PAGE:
Local authorities and the public’s mental health
Promoting positive mental wellbeing and preventing mental health problems helps us stay healthy, live meaningful lives and avoid serious (and sometimes lifelong) distress. Preventing mental health problems requires an understanding that mental health is interwoven with other agendas – including housing, employment, social inclusion, economic development, and safety. Local authorities are uniquely placed to connect all parts of the system. They have the ability to knit together their own strategies to work towards fewer health inequalities and better mental health for all.
Our place: local authorities and the public’s mental health examines the initiatives of local councils that are rising to the challenge of promoting good mental health and preventing poor mental health in their communities. These councils seek to improve population mental health, reduce inequalities and prevent mental ill health in their communities through a combination of strategic and practical approaches. The report presents learning from these areas, prior to the pandemic and in the midst of the challenges brought by Covid-19, alongside an overview of the evidence for prevention and the national policy context.
We looked at nine local councils that are pioneering work in this area:
- Basildon Borough Council – Health in all policies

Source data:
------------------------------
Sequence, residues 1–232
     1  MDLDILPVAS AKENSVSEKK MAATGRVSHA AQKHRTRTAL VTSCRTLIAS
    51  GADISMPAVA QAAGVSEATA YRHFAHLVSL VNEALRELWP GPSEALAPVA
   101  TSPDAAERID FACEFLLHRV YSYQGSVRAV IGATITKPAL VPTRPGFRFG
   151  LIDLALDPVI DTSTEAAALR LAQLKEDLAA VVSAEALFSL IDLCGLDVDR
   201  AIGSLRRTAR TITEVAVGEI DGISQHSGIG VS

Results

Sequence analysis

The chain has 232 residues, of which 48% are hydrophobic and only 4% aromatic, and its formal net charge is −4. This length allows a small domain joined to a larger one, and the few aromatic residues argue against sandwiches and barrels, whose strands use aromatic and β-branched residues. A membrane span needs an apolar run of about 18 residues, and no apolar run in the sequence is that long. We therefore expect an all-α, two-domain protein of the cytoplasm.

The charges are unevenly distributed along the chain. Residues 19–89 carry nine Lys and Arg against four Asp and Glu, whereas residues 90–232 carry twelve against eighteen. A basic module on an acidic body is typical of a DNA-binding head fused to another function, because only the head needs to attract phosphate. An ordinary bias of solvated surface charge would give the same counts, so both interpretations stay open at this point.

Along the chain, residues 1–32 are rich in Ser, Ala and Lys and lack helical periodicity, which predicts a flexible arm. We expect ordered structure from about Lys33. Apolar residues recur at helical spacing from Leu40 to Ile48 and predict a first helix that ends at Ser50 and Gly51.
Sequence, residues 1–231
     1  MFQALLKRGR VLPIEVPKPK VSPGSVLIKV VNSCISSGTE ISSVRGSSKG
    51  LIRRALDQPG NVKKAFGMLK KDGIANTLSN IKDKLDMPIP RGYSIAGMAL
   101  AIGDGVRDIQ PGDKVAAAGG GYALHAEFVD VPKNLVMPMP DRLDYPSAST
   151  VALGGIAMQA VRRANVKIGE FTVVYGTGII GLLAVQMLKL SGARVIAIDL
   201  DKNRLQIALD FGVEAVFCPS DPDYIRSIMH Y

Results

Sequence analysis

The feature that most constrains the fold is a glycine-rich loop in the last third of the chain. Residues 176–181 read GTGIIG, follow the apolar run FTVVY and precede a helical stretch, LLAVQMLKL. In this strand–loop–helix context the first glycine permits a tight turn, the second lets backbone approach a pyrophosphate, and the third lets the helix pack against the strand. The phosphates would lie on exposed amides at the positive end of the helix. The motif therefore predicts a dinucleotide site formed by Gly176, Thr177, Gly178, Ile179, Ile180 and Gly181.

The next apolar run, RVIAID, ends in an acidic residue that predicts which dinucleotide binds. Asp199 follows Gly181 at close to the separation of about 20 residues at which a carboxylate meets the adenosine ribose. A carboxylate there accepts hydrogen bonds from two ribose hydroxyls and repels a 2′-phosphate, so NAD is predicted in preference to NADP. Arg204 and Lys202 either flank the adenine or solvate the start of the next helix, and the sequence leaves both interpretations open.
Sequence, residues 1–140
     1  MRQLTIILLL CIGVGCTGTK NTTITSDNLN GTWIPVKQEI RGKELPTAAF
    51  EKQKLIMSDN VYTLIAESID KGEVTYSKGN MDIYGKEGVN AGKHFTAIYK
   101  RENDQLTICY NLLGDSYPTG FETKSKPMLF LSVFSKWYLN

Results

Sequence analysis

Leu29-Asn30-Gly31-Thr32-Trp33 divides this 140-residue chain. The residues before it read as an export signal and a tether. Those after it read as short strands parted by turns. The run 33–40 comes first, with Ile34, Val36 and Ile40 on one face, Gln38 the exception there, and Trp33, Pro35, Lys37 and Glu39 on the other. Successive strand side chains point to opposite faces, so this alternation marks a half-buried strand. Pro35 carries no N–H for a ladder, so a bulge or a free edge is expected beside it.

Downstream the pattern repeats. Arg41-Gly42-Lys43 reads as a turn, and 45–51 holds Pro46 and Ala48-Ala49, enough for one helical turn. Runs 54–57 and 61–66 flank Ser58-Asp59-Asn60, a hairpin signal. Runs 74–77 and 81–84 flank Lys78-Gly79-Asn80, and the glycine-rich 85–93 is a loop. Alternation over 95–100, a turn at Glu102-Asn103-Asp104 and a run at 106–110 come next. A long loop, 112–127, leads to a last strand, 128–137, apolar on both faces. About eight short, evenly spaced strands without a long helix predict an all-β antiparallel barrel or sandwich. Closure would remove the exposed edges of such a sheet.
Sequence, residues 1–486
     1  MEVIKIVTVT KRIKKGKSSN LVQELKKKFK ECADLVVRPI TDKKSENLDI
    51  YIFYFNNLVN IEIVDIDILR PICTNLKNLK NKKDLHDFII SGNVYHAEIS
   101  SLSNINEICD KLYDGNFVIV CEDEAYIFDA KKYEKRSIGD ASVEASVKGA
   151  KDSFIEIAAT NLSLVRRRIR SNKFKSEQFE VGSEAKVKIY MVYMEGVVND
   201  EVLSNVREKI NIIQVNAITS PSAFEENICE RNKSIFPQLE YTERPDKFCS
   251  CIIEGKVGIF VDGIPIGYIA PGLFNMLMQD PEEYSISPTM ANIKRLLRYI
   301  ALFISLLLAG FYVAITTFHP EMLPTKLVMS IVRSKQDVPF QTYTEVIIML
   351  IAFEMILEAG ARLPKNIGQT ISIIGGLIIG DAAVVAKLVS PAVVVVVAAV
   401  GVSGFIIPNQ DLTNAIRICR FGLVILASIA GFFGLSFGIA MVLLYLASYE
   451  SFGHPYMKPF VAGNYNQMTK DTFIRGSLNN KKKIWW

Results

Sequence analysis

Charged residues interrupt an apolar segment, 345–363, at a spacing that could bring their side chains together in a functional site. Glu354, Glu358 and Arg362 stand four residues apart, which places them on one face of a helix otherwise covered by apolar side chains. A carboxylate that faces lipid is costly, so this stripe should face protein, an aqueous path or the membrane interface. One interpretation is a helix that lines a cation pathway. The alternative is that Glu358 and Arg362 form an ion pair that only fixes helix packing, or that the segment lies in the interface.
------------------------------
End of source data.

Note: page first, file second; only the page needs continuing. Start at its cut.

- Birmingham City Council – Prioritising upstream mental health support
- Bristol City Council – Thrive Bristol: Thriving at Work
- Camden and Islington Council – Addressing determinants of poor mental health using Making Every Contact Count (MECC) and Psychologically Informed Consultation and Training (PICT)
- Leeds City Council – Mentally Healthy Leeds: a whole city approach
- Sandwell Metropolitan Borough Council – Stronger Sandwell: asset-based community development for better mental health
- St Albans City and District Council – A strategic approach in a district level authority
- Surrey County Council – Developing a long term strategy at county level
- Tameside and Glossop Strategic Commission – Living Well: integration and neighbourhood support.
There is a real risk that many more people will experience mental ill health in the wake of the pandemic. But, by taking affirmative action to reduce the risk of serious and long-lasting mental health problems, it will be possible to help individuals and communities to recover. While it’s not possible to prevent all mental ill health either now or at any other time, it is possible to boost communities’ resilience and help people to ‘bounce back’ from the crisis. The nine case studies in this document demonstrate promising approaches to achieving this.